We also understand that PlatformIO is faster than ESP-IDF and will consider supporting it directly via a dedicated project subsystem in one of the next VisualGDB releases.September 14, 2018 at 05:47 #21972
You must have a really insane system there to build a new project for the first time 47-65 seconds!!!
I’m running a i7-4770R @ 3.20GHZ with 16 GB ram, and a Samsung SSD. I can’t even come close to those numbers.
Thanks for the tips about the Arduino Project Subsystem. But I dont plan on using ESP-Arduino. If I was I’d just use PlatformIO, or the visualmicro plugin for VS.
Any other suggestion then why my system would be so slow?September 14, 2018 at 07:38 #21973
We tested it on an i7-5960X system with 64GB RAM and 4 Intel 730 Series SSDs in RAID0. Although it’s indeed a very fast box, the difference should not be a factor of 8. Generally we would advise running the build manually on the msys2 toolchain and on our toolchain (you can run the “time make -j8” command to record the run time of make) and comparing the timing.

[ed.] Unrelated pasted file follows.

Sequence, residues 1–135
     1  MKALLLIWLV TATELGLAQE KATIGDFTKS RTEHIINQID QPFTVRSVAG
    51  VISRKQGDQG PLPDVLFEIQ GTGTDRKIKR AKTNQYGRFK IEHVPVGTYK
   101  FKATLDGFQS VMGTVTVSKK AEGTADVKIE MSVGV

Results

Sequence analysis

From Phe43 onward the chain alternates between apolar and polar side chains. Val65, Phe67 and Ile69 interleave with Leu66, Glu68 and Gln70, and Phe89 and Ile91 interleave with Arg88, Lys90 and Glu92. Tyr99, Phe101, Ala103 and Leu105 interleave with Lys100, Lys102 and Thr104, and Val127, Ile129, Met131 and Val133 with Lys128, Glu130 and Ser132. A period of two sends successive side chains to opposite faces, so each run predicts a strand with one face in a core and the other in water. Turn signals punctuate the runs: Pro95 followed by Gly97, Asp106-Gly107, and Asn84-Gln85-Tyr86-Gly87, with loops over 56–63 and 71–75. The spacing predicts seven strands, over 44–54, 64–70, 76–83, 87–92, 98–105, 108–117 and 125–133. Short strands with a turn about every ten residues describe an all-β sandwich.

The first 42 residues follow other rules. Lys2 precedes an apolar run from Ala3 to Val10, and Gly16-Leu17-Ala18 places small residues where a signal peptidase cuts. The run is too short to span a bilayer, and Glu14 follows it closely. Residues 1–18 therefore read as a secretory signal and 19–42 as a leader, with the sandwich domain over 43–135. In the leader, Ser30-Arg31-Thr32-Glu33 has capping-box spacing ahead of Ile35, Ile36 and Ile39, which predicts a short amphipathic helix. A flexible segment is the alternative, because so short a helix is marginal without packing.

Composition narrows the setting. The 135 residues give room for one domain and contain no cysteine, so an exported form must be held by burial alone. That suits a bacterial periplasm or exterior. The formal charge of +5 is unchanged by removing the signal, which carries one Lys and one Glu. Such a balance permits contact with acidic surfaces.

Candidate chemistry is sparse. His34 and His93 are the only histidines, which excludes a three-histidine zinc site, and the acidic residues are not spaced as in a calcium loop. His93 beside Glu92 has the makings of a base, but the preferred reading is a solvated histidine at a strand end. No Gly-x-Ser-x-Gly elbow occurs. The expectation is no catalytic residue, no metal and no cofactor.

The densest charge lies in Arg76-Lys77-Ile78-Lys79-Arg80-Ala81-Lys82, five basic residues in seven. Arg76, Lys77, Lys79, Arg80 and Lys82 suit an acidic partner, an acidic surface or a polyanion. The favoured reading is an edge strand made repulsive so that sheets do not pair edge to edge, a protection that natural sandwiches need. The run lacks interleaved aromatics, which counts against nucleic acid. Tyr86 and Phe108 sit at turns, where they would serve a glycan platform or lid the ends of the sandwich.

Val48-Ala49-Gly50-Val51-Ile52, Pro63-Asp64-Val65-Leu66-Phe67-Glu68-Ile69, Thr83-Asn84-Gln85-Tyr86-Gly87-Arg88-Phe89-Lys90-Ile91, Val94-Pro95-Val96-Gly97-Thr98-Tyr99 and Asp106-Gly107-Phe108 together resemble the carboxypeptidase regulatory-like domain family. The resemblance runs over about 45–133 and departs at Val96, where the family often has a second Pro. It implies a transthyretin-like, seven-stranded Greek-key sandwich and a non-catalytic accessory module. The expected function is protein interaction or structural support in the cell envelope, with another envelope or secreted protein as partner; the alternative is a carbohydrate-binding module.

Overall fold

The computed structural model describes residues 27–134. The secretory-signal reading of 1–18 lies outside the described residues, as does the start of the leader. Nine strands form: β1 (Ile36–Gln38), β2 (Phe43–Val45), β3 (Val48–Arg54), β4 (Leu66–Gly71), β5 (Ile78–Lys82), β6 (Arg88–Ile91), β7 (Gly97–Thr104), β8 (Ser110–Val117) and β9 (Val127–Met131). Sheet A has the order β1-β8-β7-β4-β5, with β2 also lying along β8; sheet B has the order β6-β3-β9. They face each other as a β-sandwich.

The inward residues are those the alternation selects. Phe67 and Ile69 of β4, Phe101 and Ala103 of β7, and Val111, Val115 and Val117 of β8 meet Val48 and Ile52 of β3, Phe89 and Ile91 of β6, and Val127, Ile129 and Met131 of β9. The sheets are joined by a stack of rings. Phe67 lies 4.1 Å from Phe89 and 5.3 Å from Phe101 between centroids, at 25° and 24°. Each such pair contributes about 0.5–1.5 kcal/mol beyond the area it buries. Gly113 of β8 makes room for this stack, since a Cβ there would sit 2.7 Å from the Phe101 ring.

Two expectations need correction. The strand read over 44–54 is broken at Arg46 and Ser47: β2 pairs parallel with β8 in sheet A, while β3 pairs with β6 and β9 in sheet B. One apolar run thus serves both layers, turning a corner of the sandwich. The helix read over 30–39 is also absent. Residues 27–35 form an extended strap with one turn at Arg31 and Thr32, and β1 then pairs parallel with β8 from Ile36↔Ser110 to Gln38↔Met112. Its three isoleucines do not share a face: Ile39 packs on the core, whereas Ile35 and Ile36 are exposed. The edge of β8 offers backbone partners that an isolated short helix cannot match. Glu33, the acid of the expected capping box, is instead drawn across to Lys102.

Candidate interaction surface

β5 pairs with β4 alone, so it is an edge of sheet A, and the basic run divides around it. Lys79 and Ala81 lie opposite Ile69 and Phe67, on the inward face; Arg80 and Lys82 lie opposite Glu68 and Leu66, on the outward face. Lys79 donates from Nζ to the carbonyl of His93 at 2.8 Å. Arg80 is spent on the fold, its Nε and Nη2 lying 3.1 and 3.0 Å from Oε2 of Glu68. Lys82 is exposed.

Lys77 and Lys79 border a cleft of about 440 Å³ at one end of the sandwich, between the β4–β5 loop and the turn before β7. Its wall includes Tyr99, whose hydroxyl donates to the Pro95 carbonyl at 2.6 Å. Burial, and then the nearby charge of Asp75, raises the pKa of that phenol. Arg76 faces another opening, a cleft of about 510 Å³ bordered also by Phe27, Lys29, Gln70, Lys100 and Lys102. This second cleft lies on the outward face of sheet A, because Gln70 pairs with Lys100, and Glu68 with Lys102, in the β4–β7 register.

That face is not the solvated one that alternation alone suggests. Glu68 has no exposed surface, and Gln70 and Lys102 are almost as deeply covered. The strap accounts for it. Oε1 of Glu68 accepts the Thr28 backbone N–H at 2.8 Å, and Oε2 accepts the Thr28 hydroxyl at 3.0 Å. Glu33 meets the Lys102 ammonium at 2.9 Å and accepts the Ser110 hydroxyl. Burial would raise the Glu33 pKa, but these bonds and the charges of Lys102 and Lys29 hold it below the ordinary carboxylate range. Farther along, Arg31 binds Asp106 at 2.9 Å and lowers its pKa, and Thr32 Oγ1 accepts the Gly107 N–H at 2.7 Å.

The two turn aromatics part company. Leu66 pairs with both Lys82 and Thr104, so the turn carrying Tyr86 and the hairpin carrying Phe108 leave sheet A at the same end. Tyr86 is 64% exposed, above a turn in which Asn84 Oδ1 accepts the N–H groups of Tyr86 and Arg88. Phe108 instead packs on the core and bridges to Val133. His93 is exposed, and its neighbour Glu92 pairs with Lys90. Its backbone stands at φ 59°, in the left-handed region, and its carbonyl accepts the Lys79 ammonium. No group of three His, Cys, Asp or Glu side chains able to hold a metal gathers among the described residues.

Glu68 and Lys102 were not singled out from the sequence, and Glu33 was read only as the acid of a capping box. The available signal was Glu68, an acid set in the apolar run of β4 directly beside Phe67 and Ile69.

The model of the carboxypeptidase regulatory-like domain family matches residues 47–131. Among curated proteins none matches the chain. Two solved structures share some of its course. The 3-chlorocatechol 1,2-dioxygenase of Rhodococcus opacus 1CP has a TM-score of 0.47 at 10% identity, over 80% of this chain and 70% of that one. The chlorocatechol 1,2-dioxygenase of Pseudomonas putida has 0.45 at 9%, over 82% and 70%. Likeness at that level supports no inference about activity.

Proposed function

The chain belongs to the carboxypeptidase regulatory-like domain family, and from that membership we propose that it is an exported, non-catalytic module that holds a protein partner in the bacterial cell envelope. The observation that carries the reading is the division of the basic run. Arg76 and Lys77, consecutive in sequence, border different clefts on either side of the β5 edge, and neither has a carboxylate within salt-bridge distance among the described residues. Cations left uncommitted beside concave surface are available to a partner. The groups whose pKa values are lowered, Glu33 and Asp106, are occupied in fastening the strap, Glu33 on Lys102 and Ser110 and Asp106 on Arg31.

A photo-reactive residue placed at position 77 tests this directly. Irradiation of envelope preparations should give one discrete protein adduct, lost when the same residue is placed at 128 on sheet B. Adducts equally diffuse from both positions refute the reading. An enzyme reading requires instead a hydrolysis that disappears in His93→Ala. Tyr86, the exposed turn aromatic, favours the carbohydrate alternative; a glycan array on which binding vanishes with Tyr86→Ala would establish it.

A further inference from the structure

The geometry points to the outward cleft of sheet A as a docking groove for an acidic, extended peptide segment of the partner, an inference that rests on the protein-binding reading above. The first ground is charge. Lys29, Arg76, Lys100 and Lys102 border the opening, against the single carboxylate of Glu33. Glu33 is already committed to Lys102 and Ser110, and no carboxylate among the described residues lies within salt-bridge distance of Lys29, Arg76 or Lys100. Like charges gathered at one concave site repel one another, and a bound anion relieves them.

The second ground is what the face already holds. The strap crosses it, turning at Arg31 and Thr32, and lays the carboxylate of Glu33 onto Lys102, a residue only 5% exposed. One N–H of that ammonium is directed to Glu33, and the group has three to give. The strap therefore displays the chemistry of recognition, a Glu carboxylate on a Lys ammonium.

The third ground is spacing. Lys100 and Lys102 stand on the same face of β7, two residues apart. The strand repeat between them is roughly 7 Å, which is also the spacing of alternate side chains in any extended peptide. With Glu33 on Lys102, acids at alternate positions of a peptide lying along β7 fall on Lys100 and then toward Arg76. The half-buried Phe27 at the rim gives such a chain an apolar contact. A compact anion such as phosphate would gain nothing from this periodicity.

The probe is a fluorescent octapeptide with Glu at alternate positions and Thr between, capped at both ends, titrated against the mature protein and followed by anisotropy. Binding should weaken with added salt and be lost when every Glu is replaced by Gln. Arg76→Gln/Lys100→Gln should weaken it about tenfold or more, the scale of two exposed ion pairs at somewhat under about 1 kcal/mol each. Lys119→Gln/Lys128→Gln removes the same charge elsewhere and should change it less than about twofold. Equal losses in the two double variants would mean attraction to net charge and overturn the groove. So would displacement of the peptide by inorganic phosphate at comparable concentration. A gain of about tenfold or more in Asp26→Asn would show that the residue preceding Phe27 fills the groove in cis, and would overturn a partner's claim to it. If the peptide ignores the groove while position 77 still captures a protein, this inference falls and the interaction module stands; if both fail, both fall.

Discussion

- If the msys2 toolchain is considerably faster than our Cygwin-based toolchain, we can help you configure VisualGDB to use it.
- If the Cygwin toolchain builds the project faster from command line, than from VisualGDB, it could be a VisualGDB bug and we should be able to fix it (although we routinely compare the build times during our tests and have never observed any difference unless you use verbose mode).
Trying to use a different machine/disk, or disabling real-time antivirus protection might also improve the build time. You could also wait a couple of weeks until we release the preliminary CMake support for ESP-IDF.September 26, 2018 at 05:20 #22081
Just wanted to share an update that we have created a repackaged version of the MSYS2-based toolchain that is 100% compatible with VisualGDB and is faster than our Cygwin-based toolchain. You can download the new toolchain release here: http://sysprogs.com/files/gnutoolchains/esp32/esp32-gcc5.2.0-r13.exe
Please use the following VisualGDB build: http://sysprogs.com/files/tmp/VisualGDB-220.127.116.116.msi (note that it contains incomplete CMake support for ESP-IDF that is even faster than the regular Make-based build, but is not 100% feature-complete yet).